I was a traveler when I was a kid. We had a low-slung, wood-sided Mercury station wagon—no dvd players or cup holders and if it had seat belts, we didn’t use them. Every summer the six of us would pack the car with a cooler of food, shared suitcases of clothes, a Johnny Cash eight-tack tape, and a little, brown, hard-shelled suitcase of coloring books, games, etc. to keep us kids occupied on the long trip from eastern Pennsylvania to eastern South Dakota. We traveled almost 1400 miles straight through with my Mom and Dad taking turns driving and sleeping. Most often we would leave on a Friday night and get to Grandma and Grandpa’s farm in the early light of Sunday morning. Occasionally on our trip we would stop at a truck stop for breakfast, but usually we ate at roadside rests with individual boxes of cold cereal (a once a year treat) and picnic meals of cold, fried chicken or sandwiches. It was a time to stretch our legs, run around, re-fuel, and talk and laugh together as a family.
Last week when I walked to the ponds and wetlands close to our house, I saw a bird that I had never seen before. It was some sort of shorebird with a long bill, white underbelly, streaked upperbody, and long, yellow-orange legs, which I later discovered were the basis for its name—Greater Yellowlegs! There is a similar, smaller Lesser Yellowlegs. Yellowlegs travel thousands of miles each year from their wintering areas in southern, coastal United States, Central America, and South America to their summer breeding grounds in sub-arctic forest bogs or muskegs of Alaska and Canada. I was lucky enough to see this Greater Yellowlegs on one of the rest stops on his long, migratory route.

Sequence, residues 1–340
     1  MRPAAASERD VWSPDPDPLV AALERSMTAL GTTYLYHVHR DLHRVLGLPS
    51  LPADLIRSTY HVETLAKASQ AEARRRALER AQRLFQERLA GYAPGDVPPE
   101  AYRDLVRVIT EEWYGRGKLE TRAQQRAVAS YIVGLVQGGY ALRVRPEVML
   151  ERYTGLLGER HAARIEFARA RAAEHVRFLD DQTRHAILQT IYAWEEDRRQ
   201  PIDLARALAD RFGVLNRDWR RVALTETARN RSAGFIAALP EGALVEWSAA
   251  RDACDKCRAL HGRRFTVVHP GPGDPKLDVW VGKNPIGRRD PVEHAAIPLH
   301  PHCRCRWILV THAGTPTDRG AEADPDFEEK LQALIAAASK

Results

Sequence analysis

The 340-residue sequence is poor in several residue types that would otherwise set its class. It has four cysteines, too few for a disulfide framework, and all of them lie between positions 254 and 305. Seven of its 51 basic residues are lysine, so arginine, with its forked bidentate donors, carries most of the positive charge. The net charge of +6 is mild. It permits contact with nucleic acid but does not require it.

Yellowlegs eat small fish, frogs, insects, snails, worms and occasionally seeds and berries.
The Yellowlegs was busy looking for food, walking through the shallow water, probing the mud for bites to eat. When he turned and saw me, he stopped. Then he continued to walk while bobbing his head and kicking his legs back, behavior indicating that an intruder was seen.
Yesterday, May 13th, was International Migratory Bird Day. It highlights the importance of safe, healthy sites along the migratory routes of the thousands of species that need places for rest and refueling. These rest-stops are critical for the survival of migratory birds.
The quiet, shallow lake was a perfect sanctuary for the Greater Yellowlegs to stop and rest during his long journey, and I’m fortunate to have seen him.
I felt like quite a traveler when I was a kid, especially compared to some of my classmates who had never been out of the county they grew up in, let alone the state! Those trips back to South Dakota each summer were memorable because of the excitement of traveling that long distance to see our relatives, to go back to our Home state. The Greater Yellowlegs have a winter home and a summer home with lots of traveling between the two. And whether for people or migratory birds, the rest stops along the way on our journeys are imperative for renewal, restoration, (sanity), and rejuvenation for the remainder of the trip and for Life ever after.